King Tut, the Boy Soldier? Here's What Other Stories Aren't Telling You.

The leather armor in King Tut's tomb showed abrasions along the edges.
The leather armor in King Tut's tomb showed abrasions along the edges. (Image credit: Blink Films UK/SWNS)

Was King Tut a boy soldier? Perhaps, according to leather armor found in his tomb. But many news reports describing this warrior-pharaoh hypothesis aren't telling you the whole story.

Indeed, media reports are playing up this idea that King Tutankhamun wasn't a sickly pharaoh, as past research has suggested, but rather a fighter who wore his armor into battle. However, the archaeologist who discovered that King Tut's armor might have been worn told Live Science that this warrior hypothesis is just one possibility.  

Additionally, even if the armor was actually worn, archaeologists can't be certain it was this Egyptian ruler who donned the protection, another researcher said. [In Photos: The Life and Death of King Tut]

Howard Carter, the Egyptologist who discovered King Tut's tomb in the Valley of the Kings in 1922, also discovered this armor in a box within the tomb. Recently a scientist re-examined this armor using modern technology.

"We cannot be sure that Tut wore the armor in battle, but I am quite sure that the armour was worn," Lucy-Anne Skinner, a doctoral student at the University of Northampton and The British Museum, told Live Science. She detected abrasions along the edges of the armor's leather scales — a finding that indicates the armor was worn.

"It is a nice discovery, showing that [this] type of armor might have been actually used, whether by Tutankhamun himself or not," said André Veldmeijer, a visiting research scholar at American University in Cairo who is advising Skinner in her research.

Making the discovery

Skinner examined the leather by taking images of it while varying the angle of light hitting it — a technique called reflectance transformation imaging (RTI).

King Tutankhamun lived between roughly 1343 B.C. and 1323 B.C. (Image credit: Jaroslav Moravcik/Shutterstock)

"These variations in illumination over [the object] mean that features such as abrasions or paint strokes can be brought into sharp relief once all the images are layered into one RTI image," Skinner said.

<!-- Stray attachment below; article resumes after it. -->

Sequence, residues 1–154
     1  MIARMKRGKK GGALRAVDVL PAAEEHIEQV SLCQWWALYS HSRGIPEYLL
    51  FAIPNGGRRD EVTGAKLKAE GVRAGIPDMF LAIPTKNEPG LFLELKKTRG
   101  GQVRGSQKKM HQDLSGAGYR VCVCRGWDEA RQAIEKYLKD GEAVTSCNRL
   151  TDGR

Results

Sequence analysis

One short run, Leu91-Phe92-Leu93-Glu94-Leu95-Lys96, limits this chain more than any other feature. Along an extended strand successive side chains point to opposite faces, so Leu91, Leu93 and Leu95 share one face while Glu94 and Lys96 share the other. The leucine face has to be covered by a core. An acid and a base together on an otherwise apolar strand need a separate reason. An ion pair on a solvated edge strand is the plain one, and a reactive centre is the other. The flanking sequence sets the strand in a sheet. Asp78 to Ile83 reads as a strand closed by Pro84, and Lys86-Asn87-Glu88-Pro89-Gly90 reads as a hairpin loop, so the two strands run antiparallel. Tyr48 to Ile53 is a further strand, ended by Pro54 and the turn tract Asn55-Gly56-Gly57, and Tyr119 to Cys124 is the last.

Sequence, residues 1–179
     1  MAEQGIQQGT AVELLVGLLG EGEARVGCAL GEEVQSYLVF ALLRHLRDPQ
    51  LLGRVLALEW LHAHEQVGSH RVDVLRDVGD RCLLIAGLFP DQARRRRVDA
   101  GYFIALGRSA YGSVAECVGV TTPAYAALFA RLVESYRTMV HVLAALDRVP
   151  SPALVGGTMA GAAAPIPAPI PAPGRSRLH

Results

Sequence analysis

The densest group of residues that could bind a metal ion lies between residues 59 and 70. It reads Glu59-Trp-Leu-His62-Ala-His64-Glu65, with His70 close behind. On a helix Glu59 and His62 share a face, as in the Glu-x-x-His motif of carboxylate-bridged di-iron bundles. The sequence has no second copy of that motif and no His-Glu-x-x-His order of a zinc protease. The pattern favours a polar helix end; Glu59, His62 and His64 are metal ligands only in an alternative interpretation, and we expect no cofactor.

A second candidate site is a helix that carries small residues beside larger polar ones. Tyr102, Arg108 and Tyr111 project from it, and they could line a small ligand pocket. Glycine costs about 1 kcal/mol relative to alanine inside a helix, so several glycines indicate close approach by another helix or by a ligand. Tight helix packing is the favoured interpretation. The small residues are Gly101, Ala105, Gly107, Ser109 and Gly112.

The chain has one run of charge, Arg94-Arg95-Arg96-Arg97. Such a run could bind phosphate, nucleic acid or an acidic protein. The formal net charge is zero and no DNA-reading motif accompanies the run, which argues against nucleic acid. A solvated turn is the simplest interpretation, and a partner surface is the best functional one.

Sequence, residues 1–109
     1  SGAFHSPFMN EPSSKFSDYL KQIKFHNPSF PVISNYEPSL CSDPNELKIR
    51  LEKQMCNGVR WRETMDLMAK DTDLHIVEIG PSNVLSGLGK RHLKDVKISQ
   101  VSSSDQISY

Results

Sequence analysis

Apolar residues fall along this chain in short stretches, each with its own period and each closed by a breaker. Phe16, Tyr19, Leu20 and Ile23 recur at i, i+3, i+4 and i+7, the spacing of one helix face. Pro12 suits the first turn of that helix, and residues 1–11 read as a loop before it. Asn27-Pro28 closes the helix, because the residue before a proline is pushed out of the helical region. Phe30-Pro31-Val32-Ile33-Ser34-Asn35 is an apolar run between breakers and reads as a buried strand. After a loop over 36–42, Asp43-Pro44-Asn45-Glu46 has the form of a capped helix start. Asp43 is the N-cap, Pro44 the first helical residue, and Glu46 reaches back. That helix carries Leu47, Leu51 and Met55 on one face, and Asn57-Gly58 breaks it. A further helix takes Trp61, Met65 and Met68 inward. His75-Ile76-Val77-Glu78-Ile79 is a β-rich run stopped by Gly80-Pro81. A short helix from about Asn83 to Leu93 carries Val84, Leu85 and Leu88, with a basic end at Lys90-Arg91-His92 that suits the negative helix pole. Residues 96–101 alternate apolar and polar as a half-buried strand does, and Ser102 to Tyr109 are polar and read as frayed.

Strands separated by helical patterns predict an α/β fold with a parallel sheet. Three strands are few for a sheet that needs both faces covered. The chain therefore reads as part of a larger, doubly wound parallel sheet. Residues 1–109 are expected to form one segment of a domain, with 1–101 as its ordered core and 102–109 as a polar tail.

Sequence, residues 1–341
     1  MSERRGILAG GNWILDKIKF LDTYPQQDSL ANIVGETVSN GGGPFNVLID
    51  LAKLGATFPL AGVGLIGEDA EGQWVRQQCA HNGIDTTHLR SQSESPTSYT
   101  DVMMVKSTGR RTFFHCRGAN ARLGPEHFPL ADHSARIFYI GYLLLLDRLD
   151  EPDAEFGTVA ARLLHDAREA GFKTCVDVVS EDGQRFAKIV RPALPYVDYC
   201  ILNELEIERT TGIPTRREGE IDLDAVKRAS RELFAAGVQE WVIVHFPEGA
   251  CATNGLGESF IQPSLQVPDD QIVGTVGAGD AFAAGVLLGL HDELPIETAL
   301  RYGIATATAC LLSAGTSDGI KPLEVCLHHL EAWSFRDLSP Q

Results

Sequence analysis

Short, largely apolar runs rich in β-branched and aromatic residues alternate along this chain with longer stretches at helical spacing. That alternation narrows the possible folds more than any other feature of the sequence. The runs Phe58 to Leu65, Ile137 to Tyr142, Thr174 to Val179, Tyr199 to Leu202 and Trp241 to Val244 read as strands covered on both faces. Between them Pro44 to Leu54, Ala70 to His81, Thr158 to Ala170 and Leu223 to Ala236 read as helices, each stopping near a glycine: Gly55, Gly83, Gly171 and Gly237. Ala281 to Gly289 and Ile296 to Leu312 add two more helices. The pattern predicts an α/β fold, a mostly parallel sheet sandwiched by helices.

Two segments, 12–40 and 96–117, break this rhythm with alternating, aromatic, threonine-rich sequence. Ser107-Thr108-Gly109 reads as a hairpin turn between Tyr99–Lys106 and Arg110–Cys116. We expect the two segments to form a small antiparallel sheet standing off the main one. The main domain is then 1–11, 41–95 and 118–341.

The armor had been damaged soon after it was discovered, when a member of Carter's team tried (unsuccessfully) to conserve it. However, Skinner is convinced that the abrasion she detected occurred in ancient times and wasn't the result of that botched handling of it.

"If the abrasion had occurred after excavation, I would expect it to be found all over the scales, not just the edge," Skinner said.

Additionally, a photograph taken by Harry Burton (another member of Carter's team) before the leather armor was removed from the box shows that the leather straps that tied the armor together were "stretched" and that there was "a torn seam in the leather at the top left corner," Skinner said, noting that both these features indicate that the armor suffered "wear and tear from use."

Warrior pharaoh?

Images painted on the walls of Tutankhamun's tomb portray him wearing armor while riding a chariot into battle, as well as scenes of him hunting animals. But images can be deceiving. And researchers have become increasingly skeptical that Tutankhamun ever went into battle.

A study of his remains published in 2010 in The Journal of the American Medical Association found that the boy king had several maladies, including malaria and Kohler disease (a rare bone disorder of the foot) that likely made it difficult for him to walk. The "walking impairment and malarial disease sustained by Tutankhamun is supported by the discovery of canes and an afterlife pharmacy in his tomb," researchers wrote in the 2010 journal article. 

Skinner's discovery was featured recently in the documentary "Secrets of Tutankhamun's Treasures," which aired on March 28 on Channel 5, a TV station in the United Kingdom. 

Originally published on Live Science.

Owen Jarus
Live Science Contributor

Owen Jarus is a regular contributor to Live Science who writes about archaeology and humans' past. He has also written for The Independent (UK), The Canadian Press (CP) and The Associated Press (AP), among others. Owen has a bachelor of arts degree from the University of Toronto and a journalism degree from Ryerson University.